There are three Scandinavian countries: Sweden, Norway and Denmark. Together with Finland and Iceland, these five are known as “Nordic”. On the European business map, they are lumped together, mostly for the wrong reasons. Each has its own currency, language and history. 3 are members of the European Union, but only one uses the euro. 3 are kingdoms, and the other two decided not to be. What they do have in common are really developed economies, a cohesive Lutheranism and a high per capita income. Only 4 are rich. One is filthy rich.
Iceland has the population of Saint Louis and an area the size of Kentucky. It is known for its 130 active volcanos and a mega-default of all of the country’s banks (a joke in 2008 gave $6.50 as the answer to “what is the capital of Iceland?”). Unless you are into geothermal energy, fish or genetic databases, don’t start here.
For the opposite reason to mega-defaulting, don’t start in Norway either. The country doesn’t need you. It has the world’s largest sovereign wealth fund — not per capita, but absolutely. It doesn’t need you to help it get richer; its 5 million people have what they need.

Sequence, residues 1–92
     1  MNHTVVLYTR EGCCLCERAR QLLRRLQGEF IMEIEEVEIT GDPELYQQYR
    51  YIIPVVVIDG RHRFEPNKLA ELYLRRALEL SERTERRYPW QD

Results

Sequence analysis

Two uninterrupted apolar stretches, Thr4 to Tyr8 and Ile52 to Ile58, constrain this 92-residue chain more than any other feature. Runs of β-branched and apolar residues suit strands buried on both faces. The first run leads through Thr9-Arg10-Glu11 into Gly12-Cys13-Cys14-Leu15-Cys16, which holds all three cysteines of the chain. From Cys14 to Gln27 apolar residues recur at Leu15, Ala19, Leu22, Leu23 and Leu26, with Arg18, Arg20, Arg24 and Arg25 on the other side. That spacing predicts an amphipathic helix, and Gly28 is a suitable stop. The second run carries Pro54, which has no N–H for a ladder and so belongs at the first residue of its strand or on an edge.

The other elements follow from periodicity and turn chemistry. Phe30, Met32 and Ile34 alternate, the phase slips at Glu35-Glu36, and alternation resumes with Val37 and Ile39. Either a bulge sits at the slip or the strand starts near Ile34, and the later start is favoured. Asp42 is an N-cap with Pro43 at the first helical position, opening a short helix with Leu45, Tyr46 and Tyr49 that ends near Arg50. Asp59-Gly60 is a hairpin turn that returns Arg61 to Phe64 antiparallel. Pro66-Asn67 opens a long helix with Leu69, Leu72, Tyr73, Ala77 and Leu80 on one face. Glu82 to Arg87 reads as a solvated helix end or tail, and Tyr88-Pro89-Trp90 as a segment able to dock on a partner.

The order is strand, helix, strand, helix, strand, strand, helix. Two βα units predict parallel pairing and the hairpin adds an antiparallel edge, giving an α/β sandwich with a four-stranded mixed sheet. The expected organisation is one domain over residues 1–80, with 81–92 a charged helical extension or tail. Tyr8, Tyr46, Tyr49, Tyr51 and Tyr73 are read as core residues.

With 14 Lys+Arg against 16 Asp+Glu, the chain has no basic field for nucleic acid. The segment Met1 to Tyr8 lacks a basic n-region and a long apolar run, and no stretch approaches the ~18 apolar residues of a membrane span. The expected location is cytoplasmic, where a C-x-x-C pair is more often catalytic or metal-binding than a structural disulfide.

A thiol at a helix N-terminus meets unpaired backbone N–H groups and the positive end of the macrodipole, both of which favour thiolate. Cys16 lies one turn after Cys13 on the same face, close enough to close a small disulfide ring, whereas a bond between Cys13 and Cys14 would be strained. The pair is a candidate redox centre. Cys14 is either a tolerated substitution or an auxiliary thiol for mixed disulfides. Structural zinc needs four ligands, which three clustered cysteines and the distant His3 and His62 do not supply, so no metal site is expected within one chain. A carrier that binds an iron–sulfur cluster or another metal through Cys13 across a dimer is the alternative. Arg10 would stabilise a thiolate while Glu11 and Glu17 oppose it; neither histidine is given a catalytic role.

Start in Sweden, follow on to Finland and then delve into Denmark.
Why? Sweden has the largest and most dynamic Nordic economy. It does everything right. Something the other Nordic countries find off-putting. Finland did everything right too, until it joined the Euro and Nokia goofed on the smartphone. (Nokia was sold to Microsoft for less than it paid for Skype — which the Swedes sold twice.) But the Finnish market is open, and the distribution system is Europe’s most concentrated and one of its most accessible.
Denmark, richer than Finland, is also more protectionist. (This is understandable: it keeps losing bits of its empire to neighbouring countries and independence movements, and in 1985, it lost a third of the EU’s entire territory, Greenland.) And be careful of Danes: they are excellent traders, and you are likely to wind up buying more than you wanted to sell there.
SAI likes to bait the Nordics because they have a sense of self-derision that is often lacking in Latin countries. On the other hand, their 27 million affluent consumers are bait enough for would-be exporters. Our offices in Stockholm and Helsinki can guide you to lucrative fishing in the Nordic markets as well as towards profitable local partnerships.